I’m glad to present this first in a series of interviews. Each will have a leadership or pastoral angle given by a lead pastor or staff pastor for the purpose of teaching and encouraging pastors.
Today, I’ll be interviewing Jimmy Scroggins, Lead Pastor at Family Church in West Palm Beach, Florida. Under Jimmy’s leadership, worship attendance has grown from 1,000 to 3,500. All indications are the church will reach 4,000 in attendance this fall.
Jimmy started with a staid and declining downtown church. He made some bold decisions which you’ll read about below. The multicampus ministry at Family Church is large and each campus has a fascinating story.
I trust this interview with Jimmy Scroggins will provide insight for your own leadership and/or pastoral journey.
Marty Duren: Your worship attendance has grown significantly, some three to four times since you’ve been at Family Church. What were your expectations when you went to Family Church? What was different from what you expected? And then how did you start a process of initiating some strategy changes?
Jimmy Scroggins: Well, when I came to First Baptist West Palm I arrived at a legacy church. It is a downtown urban, columns and steeple, traditional Southern Baptist church. It was started in 1901 and they’ve had some great pastors. You know Jess Moody was a pastor here. Jack Graham was a pastor here. And there were many others before them. So everything that would come to mind when you say the First Baptist Church of West Palm Beach, that’s what it was.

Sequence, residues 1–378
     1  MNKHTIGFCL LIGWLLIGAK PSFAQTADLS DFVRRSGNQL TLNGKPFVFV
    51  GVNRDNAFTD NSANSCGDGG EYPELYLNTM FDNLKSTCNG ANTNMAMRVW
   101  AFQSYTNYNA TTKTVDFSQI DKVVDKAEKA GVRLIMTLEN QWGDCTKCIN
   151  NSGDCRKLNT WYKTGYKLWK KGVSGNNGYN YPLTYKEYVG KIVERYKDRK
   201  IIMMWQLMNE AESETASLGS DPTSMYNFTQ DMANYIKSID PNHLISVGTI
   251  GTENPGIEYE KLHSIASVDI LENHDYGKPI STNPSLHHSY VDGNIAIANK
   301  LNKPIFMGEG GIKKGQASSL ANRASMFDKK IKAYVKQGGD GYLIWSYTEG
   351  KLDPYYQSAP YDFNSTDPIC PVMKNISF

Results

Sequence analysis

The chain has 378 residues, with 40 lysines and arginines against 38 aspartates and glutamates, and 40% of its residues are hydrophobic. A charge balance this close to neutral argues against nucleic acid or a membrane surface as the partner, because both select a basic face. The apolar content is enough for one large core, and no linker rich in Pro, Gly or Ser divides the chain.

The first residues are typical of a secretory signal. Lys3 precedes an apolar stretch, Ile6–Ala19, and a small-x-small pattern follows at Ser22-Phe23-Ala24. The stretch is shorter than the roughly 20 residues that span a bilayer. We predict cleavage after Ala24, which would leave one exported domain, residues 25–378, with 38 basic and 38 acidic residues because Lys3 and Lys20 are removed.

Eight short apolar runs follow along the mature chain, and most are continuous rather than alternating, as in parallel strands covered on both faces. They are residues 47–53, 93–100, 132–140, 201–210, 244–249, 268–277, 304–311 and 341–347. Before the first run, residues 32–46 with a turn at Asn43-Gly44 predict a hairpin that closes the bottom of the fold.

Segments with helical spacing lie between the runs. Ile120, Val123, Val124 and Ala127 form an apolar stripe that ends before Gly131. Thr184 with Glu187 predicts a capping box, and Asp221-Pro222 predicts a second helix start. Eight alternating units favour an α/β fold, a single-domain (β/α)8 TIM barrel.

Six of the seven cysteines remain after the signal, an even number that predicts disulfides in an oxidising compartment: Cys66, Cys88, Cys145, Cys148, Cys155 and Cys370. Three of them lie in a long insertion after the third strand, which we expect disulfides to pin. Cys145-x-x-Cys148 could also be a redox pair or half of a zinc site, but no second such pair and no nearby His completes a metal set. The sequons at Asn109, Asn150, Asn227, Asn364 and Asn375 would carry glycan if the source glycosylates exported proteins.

But when I came here in 2008, they hadn’t had a pastor for five years. They had multiple scandals, been in the newspaper, financial scandals, integrity issues, all kinds of things. So the church was in a tough spot. There were a lot of great people here; the church has a great history and has a great story to tell.
The church had a lot of great days, but in 2008 they were in a tough spot; probably the lowest point in many decades if not ever. There were about 1,000 people in attendance and they were heavily in debt. The facilities had a couple of decades of maintenance that had not been done. The public perception and reputation was damaged. But there were a lot of good people here who really wanted to see lost people come to know Christ and who wanted to restore the strategic importance of this church.
MD: As any pastor would who is to revitalize a struggling church, you had to make some pretty bold decisions. The church had done a Christmas event for many years. You had some property that historical value to the church. How did you navigate around those particular kinds of issues?
JS: There were really four big issues that we worked our way through.
We had a singing Christmas tree event that was done with excellence was very strong and very well attended. In fact when I got here I would say that the momentum and the level of excellence and everything for that event was increasing. They were doing very well with it. The singing Christmas tree was something that a lot of people were very proud of and something a lot of people in the community that were not connected with our church really enjoyed. I would say that was the one thing they were doing that everybody was really proud of at that time.
So ending the singing Christmas tree was probably the most traumatic and the most difficult decision for our church to process. I wasn’t emotionally attached to it, so it wasn’t a difficult decision for me to make. But it was a difficult decision for our church family to process.
MD: And what was your reasoning for thinking that it needed to go?